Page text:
Plane Answers: The outlook for pilot hiring

Welcome to Gadling’s feature, Plane Answers, where our resident airline pilot, Kent Wien, answers your questions about everything from takeoff to touchdown and beyond. Have a question of your own? Ask away!

When I started Plane Answers a few months ago, one of the most common questions was how a person might go about learning to fly, getting their ratings and gaining enough experience to be noticed by an airline.

Before I’ve even had the chance to answer that, the industry has taken a sharp turn for the worse and now I’m getting questions about whether or not it’s even worth it to pursue a flying job.

Here are two such questions:

Michael asks:

I’ve been reading your column for a couple of weeks now, yet I haven’t noticed you talk about the state of the industry for college students who want to become professional pilots. I’m enrolled in a pilot training program at Arizona State, and on track to receiving an internship when I graduate. In your opinion, with the way the airline industry is now, do you think I should still pursue a career as an airline pilot?

And Steve asks:


My grandson would love to be a airline pilot. He is building flight
time and attending college at the same time and it’s a very expensive
burden for the family. With the layoffs and pay cuts that pilots in
the industry are recently experiencing-is he wasting his time and our
It’s feast or famine with regard to the cycles that define airline hiring in the U.S. Just last fall there was talk about how the pilot pool was drying up for some of the larger regional jet operators. A few of these airlines were reducing their experience requirements and snatching up pilots with less than 300 hours.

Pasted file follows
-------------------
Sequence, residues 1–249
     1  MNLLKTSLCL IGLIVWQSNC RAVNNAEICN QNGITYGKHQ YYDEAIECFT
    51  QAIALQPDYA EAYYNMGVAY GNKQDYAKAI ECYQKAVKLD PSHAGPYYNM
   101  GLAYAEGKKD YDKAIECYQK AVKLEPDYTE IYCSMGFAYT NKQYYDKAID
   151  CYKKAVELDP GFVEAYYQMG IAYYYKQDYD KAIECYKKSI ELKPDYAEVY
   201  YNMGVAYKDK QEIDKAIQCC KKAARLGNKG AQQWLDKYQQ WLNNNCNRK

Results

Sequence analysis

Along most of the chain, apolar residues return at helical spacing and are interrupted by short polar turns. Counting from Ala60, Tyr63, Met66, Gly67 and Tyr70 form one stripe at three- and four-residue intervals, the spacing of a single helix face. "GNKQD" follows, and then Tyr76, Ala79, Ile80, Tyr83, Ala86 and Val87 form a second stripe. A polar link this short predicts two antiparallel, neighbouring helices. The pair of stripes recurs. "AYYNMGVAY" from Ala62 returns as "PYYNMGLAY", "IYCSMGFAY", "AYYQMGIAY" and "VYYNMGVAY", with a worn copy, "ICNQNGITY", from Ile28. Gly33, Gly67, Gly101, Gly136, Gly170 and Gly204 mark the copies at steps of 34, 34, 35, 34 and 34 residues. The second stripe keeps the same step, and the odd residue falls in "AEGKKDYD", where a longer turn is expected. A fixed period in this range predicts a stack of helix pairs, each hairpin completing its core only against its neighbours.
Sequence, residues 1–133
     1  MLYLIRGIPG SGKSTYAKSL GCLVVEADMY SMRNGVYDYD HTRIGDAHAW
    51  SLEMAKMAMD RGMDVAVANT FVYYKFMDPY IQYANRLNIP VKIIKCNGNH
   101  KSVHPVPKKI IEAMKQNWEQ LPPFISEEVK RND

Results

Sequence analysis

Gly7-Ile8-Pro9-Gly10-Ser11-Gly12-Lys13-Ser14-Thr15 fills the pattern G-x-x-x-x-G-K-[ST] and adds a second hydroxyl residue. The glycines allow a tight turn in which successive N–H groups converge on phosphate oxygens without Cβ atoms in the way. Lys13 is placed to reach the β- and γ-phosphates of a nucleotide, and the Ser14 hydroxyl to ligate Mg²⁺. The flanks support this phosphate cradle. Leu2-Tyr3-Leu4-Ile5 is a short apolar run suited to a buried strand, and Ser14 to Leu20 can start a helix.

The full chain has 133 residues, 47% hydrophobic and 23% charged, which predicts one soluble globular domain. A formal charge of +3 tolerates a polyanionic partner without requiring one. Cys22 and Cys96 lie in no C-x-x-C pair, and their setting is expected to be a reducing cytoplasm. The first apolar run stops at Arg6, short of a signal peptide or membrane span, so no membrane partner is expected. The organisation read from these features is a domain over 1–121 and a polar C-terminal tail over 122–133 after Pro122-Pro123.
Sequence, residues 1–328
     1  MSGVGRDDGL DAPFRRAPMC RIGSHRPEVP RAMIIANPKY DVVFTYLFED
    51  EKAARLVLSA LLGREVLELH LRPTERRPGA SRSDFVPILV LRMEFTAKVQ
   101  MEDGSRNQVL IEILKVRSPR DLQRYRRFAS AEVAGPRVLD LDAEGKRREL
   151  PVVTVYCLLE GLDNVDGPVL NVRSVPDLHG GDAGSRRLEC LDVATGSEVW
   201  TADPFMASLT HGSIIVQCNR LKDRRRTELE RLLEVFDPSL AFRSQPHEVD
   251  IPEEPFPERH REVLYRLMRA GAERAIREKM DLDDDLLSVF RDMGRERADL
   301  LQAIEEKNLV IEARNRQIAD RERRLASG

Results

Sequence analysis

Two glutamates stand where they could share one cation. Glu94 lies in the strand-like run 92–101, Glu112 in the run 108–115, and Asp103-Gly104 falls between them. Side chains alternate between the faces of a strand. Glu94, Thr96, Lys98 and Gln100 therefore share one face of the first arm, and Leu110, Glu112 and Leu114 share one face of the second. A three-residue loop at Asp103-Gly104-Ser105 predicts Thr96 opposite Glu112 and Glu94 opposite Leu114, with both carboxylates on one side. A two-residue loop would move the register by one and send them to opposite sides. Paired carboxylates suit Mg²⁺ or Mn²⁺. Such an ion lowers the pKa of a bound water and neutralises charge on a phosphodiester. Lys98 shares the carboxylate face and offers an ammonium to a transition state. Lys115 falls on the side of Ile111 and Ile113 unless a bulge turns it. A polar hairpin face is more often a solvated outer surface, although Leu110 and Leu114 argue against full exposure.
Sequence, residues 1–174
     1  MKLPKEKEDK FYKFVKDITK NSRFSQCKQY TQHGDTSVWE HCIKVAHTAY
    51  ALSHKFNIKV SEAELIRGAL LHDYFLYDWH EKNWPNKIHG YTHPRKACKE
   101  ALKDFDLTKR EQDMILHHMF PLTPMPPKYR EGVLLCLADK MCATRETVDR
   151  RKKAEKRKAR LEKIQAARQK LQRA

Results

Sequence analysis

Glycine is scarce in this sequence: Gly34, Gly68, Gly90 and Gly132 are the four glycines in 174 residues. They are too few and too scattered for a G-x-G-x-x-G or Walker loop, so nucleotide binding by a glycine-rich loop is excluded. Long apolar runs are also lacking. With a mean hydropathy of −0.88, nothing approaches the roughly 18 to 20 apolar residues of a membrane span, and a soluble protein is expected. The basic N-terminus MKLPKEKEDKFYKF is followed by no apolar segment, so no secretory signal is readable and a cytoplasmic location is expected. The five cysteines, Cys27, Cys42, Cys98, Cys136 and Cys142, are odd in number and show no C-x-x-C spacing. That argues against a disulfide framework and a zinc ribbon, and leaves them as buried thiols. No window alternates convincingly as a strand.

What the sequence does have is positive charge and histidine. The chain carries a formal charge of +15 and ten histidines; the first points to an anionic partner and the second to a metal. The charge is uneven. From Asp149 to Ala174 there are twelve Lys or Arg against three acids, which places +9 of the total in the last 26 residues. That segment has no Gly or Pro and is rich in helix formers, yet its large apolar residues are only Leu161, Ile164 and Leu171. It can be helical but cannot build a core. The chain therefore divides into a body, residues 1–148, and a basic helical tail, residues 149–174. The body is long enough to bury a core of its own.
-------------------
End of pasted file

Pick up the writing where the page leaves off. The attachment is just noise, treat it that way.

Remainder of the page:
This trend seems to have come to a halt as we’ve moved into 2008, a year that’s seeing the highest fuel prices in the history of the industry. As airlines are coming to grips with the idea that oil prices aren’t coming down anytime soon, they’re pulling capacity out of their networks–most of which will start taking effect this fall.

The hope is of course, that airlines will be able to price their product at a level that exceeds their costs at some point in the near future. As long as the oil prices stabilize, they might be able to pull it off, but the ever-increasing fuel costs are making it difficult to price a product that may not be used until one to three months into the future.

Just as it’s hard to predict these costs, it’s even more difficult to predict which way pilot hiring may go, especially in two, three or four years from now. In Michael’s case, he’s well along through the program, and I think he might want to see this investment through. He may have to do something else on the side until he gets a chance to instruct or fly for a regional airline once things improve. But he probably shouldn’t give up.

The same might be said about Steve’s grandson. He’s well along on the commitment to flying. If you’re thinking he may be able to pay back his loans quickly once he lands a cushy airline pilot job, you might want to familiarize yourself with some of the pay at most companies.

Airline Pilot Central, a website that offers details on pilot pay, minimum hiring requirements and the current hiring status of companies, is a good source for hourly pay rates. Remember, pilots and flight attendants are only paid for the time the airplane is pushing away from the gate to the time it’s back at the gate at the destination.

This industry does have a way of spitting out some people who were unfortunate in their timing. I know a few who are looking at their second furlough, and are considering taking a job outside of aviation permanently.

When pilots were being recalled last year, it wasn’t uncommon for an airline to see 30% of those pilots recalled decline the option to come back since they found employment with other airlines or outside of the industry.

But if this is what you’ve always wanted to do, and you don’t think you’ll be happy doing anything else, then stick with it. I’m relatively certain that someone will be flying airplanes in the future, and they’ll need pilots.

Just try to load your resume up with extra ratings, (a float rating, sailplane license, a specific jet type rating) to stand out from the rest. The internship that Michael is pursuing is a fantastic example.

Good luck!

Do you have a question about something related to the pointy end of an airplane? Ask Kent and maybe he’ll use it for next Friday’s Plane Answers feature.